To address the above issues, Hajireza et al.6 have reported a novel contact-free OR-PAM technology that is (1) free of a coupling medium for acoustic propagation, (2) free of interferometry that is vulnerable to phase noise, (3) maximally sensitive to the local photoacoustic pressure rise and (4) extremely easy to implement and highly compatible with other optical imaging modalities. The reported remote-sensing PAM (PARS) uses a low-coherence probe light beam (coherence length: ~40μm) to detect the local initial pressure rise (pressure magnitude: ~100MPa) following pulsed light excitation (pulse energy: ~1nJ; Figure 1). The local pressure rise can substantially magnify the existing difference in refractive indices of the local optical absorber and the surrounding environment and thus change the reflectance of the probe beam. The change in the probe beam reflection can then be remotely recorded and is proportional to the original optical energy deposition inside the imaged sample.

Figure 1.
Figure 1 - Unfortunately we are unable to provide accessible alternative text for this. If you require assistance to access this image, please contact or the author

Remote-sensing photoacoustic microscopy. Hajireza et al., have developed a contact-free OR-PAM system that has achieved remote detection of local pressure rise by using a low-coherence probe light beam. Upon excitation by a pulsed laser light, the temperature of the local optical absorber increases, inducing a local pressure rise that changes the absorber’s refractive index and the reflection of the probe beam.

Full figure and legend (74K)

Compared with the previous OR-PAM technologies7, Hajireza’s work has a striking advantage: A substantially simplified imaging system. The all-optical excitation and detection configuration avoids the complex optical–acoustic combiners that are typically bulky and lossy and has paved the way for seamless combination of OR-PAM with other pure optical imaging modalities with complementary contrast mechanisms. Moreover, the detected optical signals are truly wideband and thus do not suffer from acoustic attenuation along the pathway. This advantage, however, is contaminated by a major drawback that acoustic flight-time cannot be recorded by the non-interferometry method and thus multiple targets at different depths will be mixed at the detector. In other words, the inherent acoustically determined depth resolution, as exists in traditional OR-PAM, is lost. This drawback could potentially be resolved by depth-gated or coherence-gated detection, at the cost of imaging speed or sensitivity.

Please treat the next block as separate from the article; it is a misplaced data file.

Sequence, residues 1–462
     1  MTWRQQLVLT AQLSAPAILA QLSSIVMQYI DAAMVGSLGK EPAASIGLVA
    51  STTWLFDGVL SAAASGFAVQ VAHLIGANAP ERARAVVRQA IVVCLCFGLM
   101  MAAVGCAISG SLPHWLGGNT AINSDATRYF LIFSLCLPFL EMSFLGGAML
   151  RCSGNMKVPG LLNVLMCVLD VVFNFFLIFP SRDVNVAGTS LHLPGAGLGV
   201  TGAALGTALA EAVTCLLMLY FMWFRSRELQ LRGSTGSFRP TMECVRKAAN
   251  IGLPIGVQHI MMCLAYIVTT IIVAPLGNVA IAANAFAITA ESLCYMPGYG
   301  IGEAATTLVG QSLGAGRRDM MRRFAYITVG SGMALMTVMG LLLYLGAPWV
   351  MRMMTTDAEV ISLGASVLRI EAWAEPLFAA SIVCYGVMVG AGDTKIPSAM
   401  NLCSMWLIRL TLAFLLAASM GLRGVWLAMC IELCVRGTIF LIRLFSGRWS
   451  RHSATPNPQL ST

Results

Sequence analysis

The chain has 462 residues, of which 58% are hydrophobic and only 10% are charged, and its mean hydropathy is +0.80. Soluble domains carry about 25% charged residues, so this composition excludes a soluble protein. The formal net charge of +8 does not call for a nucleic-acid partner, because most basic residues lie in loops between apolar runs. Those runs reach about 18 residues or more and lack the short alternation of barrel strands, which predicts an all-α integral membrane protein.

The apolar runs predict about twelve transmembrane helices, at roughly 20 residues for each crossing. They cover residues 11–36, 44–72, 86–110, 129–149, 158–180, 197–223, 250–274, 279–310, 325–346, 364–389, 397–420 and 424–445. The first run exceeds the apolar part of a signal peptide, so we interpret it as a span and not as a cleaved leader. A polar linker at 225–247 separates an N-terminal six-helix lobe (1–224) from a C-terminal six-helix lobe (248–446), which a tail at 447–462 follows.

The remote-sensing PAM technology has without a doubt opened a new window into many exciting technology breakthroughs and corresponding biomedical applications. (1) Reflection-mode OR-PAM with a high-NA objective (>1.0) is now possible, providing a lateral resolution of ~200nm. The high-NA objective typically has a working distance of less than a few millimeters, so the all-optical detection configuration is well suited for the reflection-mode system. Super-resolution PAM can then be developed on top of the high-NA system. (2) Biological applications that are not water friendly can now be performed without damaging the samples (for example, C. elegans or Drosophila) or complicating the accompanying procedures (for example, intraoperative delineation of tumor margin). Moreover, mid-IR wavelengths that are strongly attenuated by water can now be used, allowing their corresponding endogenous absorbers such as water, lipids and glucose to be better imaged.


Conflict of interest

The author declares no conflict of interest.